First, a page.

Coger spent two challenging years after college working odd jobs back home in New York, trying to pursue an acting career. When the opportunities fizzled, Coger looked for a different kind of challenge and found it in the Navy.

Nothing typical

“What I love about EOD is that there is no typical day,” she said. “Whether we’re going out to do some diving and an underwater detonation, or we have to go to a remote location in the mountains to do some IED training, or just working a chemical or biological problem in a laboratory situation – there’s nothing typical about any of that, and that’s exactly what I needed in my life.”

EODs are the world’s ultimate bomb squad, trained to disarm conventional bombs, mines, improvised explosive devices (IEDs), and chemical – even nuclear – weapons. They perform some of the most harrowing, dangerous work on earth to keep others from harm’s way — but that was precisely what appealed to Coger.

150506-N-CW570-290
AQABA, Jordan (May 6, 2015) Explosive Ordnance Disposal Technician 1st Class Brie Coger, assigned to Commander, Task Group 56.1, discusses anti-improvised explosive device techniques with Jordanian and United Arab Emirati military personnel at the Royal Jordanian Naval Base in Aqaba during exercise Eager Lion 2015. Eager Lion is a recurring multinational exercise designed to strengthen military-to-military relationships, increase interoperability between partner nations, and enhance regional security and stability. (U.S. Navy photo by Mass Communication Specialist 2nd Class Arthurgwain L. Marquez/Released)

“I was really drawn to EOD because I wanted to be part of a protective force,” she said. “You still get to do all the cool stuff, but an EOD doesn’t go out and cause trouble; they’re there to make the situation better. That really spoke to me.”

Forging ahead

Coger says she’s never felt that her gender was an issue in her Navy career. In fact, she has enjoyed tremendous success in a relatively short time, rising to chief petty officer – a senior enlisted rate – in just eight years before being selected for officer training in 2017. After more than a decade as an enlisted Sailor, Coger earned her commission in 2018 after completing Officer Candidate School in Newport, R.I. Coger has since graduated from the exclusive Navy Dive School in Florida and is now in San Diego getting ready to deploy. Her first assignment as a new officer? Leading a platoon of EOD Techs – the same people she worked with as an enlisted sailor.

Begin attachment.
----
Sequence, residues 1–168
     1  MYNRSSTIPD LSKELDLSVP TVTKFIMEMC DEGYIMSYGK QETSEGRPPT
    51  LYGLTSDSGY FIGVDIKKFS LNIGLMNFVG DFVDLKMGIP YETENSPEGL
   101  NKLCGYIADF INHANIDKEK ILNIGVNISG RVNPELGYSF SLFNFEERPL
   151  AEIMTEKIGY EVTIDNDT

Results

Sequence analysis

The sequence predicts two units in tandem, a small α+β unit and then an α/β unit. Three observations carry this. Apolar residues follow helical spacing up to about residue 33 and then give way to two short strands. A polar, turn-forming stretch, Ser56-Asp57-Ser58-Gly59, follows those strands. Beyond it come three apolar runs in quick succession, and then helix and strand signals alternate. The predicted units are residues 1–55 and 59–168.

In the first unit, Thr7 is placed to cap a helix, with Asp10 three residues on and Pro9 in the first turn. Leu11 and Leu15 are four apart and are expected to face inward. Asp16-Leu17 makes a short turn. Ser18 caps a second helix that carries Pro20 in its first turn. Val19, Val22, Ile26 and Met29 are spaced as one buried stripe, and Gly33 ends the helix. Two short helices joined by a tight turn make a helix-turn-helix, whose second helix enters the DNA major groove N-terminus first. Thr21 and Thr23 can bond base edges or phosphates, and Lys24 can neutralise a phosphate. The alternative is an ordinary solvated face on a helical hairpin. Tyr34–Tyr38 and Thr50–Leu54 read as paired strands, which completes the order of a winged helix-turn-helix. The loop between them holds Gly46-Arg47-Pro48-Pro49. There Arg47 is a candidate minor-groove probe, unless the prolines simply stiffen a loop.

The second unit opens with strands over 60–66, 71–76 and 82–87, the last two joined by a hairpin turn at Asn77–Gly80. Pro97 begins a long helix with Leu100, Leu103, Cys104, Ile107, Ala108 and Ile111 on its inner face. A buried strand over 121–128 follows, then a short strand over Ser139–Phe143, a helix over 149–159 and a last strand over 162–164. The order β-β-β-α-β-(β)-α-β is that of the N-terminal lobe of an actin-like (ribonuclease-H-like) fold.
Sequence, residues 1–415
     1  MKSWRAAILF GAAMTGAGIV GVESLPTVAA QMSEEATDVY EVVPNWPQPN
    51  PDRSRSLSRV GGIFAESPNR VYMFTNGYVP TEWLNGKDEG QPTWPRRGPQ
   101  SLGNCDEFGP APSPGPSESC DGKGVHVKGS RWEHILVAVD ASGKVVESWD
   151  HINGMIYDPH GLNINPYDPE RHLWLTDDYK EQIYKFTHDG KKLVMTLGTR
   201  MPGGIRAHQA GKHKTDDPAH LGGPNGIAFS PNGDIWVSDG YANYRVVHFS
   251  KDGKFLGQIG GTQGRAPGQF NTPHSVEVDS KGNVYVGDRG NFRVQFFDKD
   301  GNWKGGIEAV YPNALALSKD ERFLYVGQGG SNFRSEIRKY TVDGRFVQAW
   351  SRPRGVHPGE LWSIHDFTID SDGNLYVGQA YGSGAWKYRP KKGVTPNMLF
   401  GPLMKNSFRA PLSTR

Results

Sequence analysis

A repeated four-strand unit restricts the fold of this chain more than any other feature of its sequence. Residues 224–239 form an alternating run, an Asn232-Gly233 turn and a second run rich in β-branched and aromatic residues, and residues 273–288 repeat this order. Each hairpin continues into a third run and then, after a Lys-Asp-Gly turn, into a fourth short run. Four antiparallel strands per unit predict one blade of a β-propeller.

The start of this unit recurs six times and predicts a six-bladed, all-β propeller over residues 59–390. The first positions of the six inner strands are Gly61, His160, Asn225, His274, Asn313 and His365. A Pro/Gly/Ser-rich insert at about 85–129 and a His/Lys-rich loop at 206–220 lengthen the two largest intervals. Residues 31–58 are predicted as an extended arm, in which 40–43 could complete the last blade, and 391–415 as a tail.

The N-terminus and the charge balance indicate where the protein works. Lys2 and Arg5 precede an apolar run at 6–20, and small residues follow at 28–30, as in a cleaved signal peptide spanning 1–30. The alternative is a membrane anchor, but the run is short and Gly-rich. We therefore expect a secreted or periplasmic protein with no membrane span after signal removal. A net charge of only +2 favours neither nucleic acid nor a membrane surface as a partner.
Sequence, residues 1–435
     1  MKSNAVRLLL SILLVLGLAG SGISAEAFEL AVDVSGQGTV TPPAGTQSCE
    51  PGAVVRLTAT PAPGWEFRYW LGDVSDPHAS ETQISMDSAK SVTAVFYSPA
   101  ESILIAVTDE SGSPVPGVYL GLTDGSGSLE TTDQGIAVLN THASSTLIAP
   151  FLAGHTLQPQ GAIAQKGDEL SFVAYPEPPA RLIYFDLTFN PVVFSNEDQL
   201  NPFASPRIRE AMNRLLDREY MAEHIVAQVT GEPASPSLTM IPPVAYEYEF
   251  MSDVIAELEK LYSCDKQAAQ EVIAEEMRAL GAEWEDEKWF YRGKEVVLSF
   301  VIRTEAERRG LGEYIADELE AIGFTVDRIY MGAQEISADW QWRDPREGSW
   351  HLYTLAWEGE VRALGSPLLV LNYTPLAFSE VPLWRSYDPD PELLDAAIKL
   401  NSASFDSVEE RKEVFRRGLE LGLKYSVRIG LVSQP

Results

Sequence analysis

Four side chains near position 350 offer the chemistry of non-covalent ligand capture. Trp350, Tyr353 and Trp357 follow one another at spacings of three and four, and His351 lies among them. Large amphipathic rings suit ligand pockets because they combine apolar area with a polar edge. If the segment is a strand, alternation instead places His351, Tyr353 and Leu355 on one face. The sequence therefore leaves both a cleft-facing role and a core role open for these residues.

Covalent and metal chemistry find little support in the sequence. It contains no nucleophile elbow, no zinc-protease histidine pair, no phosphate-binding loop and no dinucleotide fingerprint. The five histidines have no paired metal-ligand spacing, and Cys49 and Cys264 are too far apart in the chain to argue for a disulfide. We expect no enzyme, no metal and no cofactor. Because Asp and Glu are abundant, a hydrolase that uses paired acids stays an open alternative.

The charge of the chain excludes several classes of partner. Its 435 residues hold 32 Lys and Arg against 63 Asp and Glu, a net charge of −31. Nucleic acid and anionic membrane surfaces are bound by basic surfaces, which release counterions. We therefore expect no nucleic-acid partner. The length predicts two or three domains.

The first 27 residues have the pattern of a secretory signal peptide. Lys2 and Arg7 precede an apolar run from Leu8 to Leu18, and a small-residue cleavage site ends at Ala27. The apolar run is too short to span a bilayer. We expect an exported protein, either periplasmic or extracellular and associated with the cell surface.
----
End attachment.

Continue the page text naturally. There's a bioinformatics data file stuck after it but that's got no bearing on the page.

“People think that joining the military means giving up things, but I’ve never seen it like that,” she said. “You aren’t losing something; you are gaining opportunities. The biggest thing that has helped me in my career is saying yes; embracing whatever’s out there and keeping my eyes and ears open to what’s possible.”

Forge your own path. Go to Navy.com

Verizon

Verizon

PWM BLM

 
*Please be sure to check event websites for latest updates on postponements or cancellations due to COVID-19 precautions.

Upcoming Events

  1. Women in Federal Law Enforcement Leadership Training
    August 3, 2020 - August 6, 2020
  2. 2020 American Society for Health Care Human Resources Association Event
    August 22, 2020 - August 25, 2020
  3. 2020 NAWBO National Women’s Business Conference
    September 21, 2020 - September 23, 2020

Upcoming Events

  1. Women in Federal Law Enforcement Leadership Training
    August 3, 2020 - August 6, 2020
  2. 2020 American Society for Health Care Human Resources Association Event
    August 22, 2020 - August 25, 2020
  3. 2020 NAWBO National Women’s Business Conference
    September 21, 2020 - September 23, 2020